It’s been a full week around here with the start of summer holidays. We kicked off with a birthday party and potluck at our friends’ beautiful family farm. We swam in the ocean, ate seafood, and enjoyed a bouncy castle.
Peter then defended his Masters and handed in his final project and he is DONE! This guy has worked so hard and continuously over the last few years, all while working a full time job and being an involved dad and fantastic partner. We’re so proud of him! Later in the week we joined together with some of his cohort to celebrate at the local ciders.
But as soon as he finished his defence, Peter and Pearl packed up and headed for Powell River. About a year ago, Peter mentioned to Pearl that he’d like to hike the Sunshine Coast Trail with her. She really grabbed hold of this idea so they’ve been planning this trip together. The whole trail is around 161km but there is a loop near Saltery Bay that they did over 3 days and 2 nights. Overall it was around 22km that they hiked.
Meanwhile, Rose and I had a fun at-home time, staying up late, eating Rose’s favourite foods, and playing in the kiddie pool in the backyard.
Once we were all back together we continued to kick off summer with some beach time and a hot dog roast with friends.
Friday we celebrated Canada Day. This was the first return to large scale Canada Day celebrations since 2019. 2020 was a very scaled down, watch-from-your-yard, pandemic style parade. In 2021, Canada Day followed closely after the discovery of 215 bodies at a former residential school here in BC. Along with many others in our town, our family joined the Sechelt Nation in a March through town on July 1st, wearing orange instead of red.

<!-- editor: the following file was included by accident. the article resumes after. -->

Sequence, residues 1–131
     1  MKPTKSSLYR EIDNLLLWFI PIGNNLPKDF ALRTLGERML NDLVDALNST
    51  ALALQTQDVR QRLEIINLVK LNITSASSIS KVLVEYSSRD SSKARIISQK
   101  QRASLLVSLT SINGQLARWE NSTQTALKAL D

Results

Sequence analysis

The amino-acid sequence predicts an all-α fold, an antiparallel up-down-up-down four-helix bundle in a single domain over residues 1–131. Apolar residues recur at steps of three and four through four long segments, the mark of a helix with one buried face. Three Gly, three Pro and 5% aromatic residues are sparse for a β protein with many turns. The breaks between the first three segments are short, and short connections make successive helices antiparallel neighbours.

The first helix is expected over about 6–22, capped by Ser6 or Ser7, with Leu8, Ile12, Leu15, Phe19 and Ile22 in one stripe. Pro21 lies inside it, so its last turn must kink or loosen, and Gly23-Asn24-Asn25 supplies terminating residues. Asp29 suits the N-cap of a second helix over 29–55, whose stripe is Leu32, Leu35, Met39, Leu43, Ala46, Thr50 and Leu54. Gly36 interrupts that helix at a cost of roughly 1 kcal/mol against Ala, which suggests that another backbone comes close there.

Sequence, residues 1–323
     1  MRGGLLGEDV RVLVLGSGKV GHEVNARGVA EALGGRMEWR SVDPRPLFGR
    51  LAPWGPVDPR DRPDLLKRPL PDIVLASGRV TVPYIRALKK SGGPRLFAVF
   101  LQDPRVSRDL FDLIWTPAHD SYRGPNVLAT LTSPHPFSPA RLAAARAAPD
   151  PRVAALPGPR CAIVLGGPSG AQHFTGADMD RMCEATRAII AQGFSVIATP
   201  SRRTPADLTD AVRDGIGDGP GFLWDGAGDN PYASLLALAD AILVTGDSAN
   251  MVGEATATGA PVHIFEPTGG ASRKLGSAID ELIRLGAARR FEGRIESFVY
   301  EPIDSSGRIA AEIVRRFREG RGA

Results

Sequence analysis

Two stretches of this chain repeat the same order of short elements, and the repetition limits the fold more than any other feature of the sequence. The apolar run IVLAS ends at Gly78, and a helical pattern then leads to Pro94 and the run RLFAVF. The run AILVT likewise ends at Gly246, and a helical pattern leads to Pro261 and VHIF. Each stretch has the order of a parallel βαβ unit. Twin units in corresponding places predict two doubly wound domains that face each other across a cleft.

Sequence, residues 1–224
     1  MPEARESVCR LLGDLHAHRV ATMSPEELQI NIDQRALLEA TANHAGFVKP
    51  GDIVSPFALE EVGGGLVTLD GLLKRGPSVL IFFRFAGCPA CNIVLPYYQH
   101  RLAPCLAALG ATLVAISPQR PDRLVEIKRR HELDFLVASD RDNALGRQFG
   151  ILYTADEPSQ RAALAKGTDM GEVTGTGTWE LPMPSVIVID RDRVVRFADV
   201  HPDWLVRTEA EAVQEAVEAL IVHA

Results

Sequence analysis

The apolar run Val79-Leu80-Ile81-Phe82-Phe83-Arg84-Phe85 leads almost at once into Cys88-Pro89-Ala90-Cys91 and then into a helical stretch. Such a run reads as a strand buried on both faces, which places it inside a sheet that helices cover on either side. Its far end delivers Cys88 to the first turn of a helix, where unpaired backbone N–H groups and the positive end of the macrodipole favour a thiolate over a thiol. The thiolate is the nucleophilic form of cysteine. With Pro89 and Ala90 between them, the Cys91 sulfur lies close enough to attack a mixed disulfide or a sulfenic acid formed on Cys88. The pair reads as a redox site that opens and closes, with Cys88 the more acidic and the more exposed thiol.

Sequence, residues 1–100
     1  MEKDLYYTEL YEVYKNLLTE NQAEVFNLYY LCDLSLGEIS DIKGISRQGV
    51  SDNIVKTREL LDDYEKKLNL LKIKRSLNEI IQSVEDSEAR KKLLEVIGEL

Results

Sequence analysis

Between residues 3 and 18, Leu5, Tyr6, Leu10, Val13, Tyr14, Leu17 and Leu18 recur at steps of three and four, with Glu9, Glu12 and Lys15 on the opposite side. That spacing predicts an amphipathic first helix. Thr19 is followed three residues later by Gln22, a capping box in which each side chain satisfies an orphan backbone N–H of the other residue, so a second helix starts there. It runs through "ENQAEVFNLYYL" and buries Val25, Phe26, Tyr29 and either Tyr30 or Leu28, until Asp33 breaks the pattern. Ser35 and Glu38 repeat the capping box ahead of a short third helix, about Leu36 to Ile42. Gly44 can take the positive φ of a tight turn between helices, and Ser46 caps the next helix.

This year, once again, the Sechelt Band invited the community to join in on an orange shirt walk to lead the parade. We wore orange and walked and then lined the street to watch the classic cars and kids on bikes and other floats. There was a mixture of red and orange in the crowd and in the parade and it felt like a good balance of celebrating what is good in this nation and acknowledging where we have gone deeply wrong. And hopefully, also a promise to do better and work in righting those wrongs.
Rose also got the thrill of being in the parade, riding with her grandpa on the local search and rescue float. (He volunteers with them.) Pearl was on their float in 2019 but opted to watch with us this time.
In another return to pre-Covid times, festivities followed the parade. There were vendors, live music, and bouncy castles and the girls tried cotton candy for the first time!
The end of June marked 10 whole years since Peter and I moved to the Sunshine Coast. We took a bit of a chance when we packed up everything we owned and moved to a town where we had nowhere to live and neither of us had jobs but we’ve never regretted it. We’ve seen a lot of change in both this town and in our lives in the past decade. I truly love this funny little place and I feel so fortunate that I get to call it home and raise my kids here.
This past week was also the anniversary of when we bought our house. It was 7 years ago (Pearl was just a baby) which also means that this is officially the longest I’ve had the same address ever in my life!
Tell me the longest you’ve ever lived in one spot!